Overfishing, single-use plastics destroy marine life


The ocean is the heart and soul of this beautiful planet, providing us with not only the greatest source of protein, but the majority of our oxygen. Through continued exhaustion and damage to marine ecosystems, we are inflicting inevitable damage on our future populations.

The central problem is the untold truth about where most of the plastic in our ocean comes from, and how your meal choice has potentially contributed to it, due to the multibillion dollar industry surrounding commercial fishing.

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Commercial net fishing is known primarily for catching target species, but what is not disclosed is the immense amount of non-target species, known as bycatch, that are shot in the process.

These “sustainably” labeled nets capture and drag bycatch, including sea ​​turtles, dolphins and seabirds for miles, until they were finally hauled up and thrown injured or dying.

This type of fishing leads to the degradation of these populations at a faster rate than they can reproduce and reconstitute and if the overexploitation of these populations continues, there will ultimately be nothing left.

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The problems facing our oceans do not end with overfishing. About 100 million marine animals die each year from plastic waste alone.

Single-use plastic is a huge contributing factor, but fishing nets known to kill an estimated 0.97-2.7 billion fish each year, not counting the 63 billion pounds of species accidentally caught, are the main waste. plastics found in our oceans.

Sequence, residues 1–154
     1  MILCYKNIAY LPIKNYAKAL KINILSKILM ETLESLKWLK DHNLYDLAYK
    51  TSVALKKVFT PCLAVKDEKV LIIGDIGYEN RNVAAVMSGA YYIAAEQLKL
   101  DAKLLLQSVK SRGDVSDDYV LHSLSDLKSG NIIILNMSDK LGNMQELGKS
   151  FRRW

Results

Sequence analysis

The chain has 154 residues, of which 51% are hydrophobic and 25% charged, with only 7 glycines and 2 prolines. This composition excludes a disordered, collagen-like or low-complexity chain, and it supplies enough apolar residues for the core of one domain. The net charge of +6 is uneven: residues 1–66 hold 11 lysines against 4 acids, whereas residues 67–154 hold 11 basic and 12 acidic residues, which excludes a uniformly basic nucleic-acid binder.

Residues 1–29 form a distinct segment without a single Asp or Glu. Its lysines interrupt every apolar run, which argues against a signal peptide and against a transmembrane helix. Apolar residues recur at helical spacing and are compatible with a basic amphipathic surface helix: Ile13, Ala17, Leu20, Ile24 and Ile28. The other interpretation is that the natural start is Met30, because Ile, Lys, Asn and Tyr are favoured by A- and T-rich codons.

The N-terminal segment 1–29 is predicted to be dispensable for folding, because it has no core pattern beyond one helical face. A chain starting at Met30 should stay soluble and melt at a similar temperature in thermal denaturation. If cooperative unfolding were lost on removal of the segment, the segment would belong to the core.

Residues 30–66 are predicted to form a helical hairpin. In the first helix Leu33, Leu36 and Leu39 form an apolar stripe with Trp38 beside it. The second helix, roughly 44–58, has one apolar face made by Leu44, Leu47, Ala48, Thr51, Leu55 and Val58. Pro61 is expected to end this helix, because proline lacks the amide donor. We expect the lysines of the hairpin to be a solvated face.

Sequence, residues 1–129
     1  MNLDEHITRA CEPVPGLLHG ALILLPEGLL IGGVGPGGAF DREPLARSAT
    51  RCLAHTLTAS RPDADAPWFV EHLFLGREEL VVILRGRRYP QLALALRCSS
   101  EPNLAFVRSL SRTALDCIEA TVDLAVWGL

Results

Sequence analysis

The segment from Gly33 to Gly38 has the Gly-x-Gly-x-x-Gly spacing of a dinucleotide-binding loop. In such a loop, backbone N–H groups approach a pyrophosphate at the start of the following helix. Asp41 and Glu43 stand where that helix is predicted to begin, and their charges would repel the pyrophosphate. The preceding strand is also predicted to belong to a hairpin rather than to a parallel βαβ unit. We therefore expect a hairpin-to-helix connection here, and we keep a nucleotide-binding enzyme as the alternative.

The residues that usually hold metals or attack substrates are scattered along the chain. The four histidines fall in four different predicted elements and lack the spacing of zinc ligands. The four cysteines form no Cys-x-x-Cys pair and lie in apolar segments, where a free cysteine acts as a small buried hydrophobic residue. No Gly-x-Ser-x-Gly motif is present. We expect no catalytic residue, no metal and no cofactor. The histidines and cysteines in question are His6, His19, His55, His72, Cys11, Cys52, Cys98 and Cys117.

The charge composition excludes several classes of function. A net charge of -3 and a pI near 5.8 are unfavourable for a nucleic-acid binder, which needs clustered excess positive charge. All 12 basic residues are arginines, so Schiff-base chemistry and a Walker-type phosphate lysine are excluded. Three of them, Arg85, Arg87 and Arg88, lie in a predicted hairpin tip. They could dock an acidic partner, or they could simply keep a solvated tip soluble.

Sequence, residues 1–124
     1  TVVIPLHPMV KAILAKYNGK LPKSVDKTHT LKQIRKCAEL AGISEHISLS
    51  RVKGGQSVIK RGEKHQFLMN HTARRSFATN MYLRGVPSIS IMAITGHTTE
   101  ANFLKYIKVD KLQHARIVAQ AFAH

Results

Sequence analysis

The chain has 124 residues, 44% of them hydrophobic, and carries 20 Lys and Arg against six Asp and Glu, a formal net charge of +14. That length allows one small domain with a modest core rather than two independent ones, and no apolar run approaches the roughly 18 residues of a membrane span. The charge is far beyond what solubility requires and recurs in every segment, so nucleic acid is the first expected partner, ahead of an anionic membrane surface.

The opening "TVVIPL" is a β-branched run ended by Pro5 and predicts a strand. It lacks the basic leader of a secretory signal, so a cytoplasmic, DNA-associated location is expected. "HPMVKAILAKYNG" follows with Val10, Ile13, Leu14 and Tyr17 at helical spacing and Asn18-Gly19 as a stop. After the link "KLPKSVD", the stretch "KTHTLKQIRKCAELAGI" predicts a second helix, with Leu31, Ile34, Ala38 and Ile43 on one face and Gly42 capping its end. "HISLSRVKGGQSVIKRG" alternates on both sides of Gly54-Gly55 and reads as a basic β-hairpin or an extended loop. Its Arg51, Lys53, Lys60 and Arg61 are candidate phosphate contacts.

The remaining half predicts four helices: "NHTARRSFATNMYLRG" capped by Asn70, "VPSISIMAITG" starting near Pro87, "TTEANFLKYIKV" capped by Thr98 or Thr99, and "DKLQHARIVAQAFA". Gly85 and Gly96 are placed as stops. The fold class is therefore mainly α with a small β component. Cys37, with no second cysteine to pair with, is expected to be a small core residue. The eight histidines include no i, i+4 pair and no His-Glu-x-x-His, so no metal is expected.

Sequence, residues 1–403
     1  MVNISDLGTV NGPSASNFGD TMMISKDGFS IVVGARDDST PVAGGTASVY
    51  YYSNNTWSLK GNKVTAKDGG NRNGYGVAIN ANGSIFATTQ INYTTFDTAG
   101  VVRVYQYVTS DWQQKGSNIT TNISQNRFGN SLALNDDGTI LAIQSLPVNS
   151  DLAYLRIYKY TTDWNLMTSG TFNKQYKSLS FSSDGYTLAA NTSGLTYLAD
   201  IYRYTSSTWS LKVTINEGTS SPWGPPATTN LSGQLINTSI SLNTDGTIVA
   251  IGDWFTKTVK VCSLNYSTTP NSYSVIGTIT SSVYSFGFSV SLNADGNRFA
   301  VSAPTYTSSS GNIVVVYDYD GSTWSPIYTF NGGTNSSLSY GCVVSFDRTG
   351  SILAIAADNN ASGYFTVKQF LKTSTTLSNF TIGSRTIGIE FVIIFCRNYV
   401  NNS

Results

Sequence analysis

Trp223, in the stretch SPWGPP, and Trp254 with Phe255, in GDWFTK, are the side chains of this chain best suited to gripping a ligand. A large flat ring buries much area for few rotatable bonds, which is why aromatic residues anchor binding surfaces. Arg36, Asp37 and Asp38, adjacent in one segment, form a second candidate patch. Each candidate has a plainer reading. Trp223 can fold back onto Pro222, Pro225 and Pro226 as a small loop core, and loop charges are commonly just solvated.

The ideal and immediate solution to this problem would be for everyone to stop eating seafood, yet that is impossible. I understand that this colossal problem cannot be solved overnight, but we must all help save ecosystems that cannot defend themselves.

Incorporating proper recycling, helping clean up local beaches, and disposing of single-use plastics by removing plastic grocery bags, solo cups, styrofoam plates, plastic silverware , plastic straws, and the switch from plastic water bottles to reusable bottles, are a great place to start. These changes are super easy to integrate into your daily life and if we strive to spread this information, together we can make a change.

Kaeleigh McKnight is a recent graduate student from the University of Florida with a bachelor’s degree in biology.


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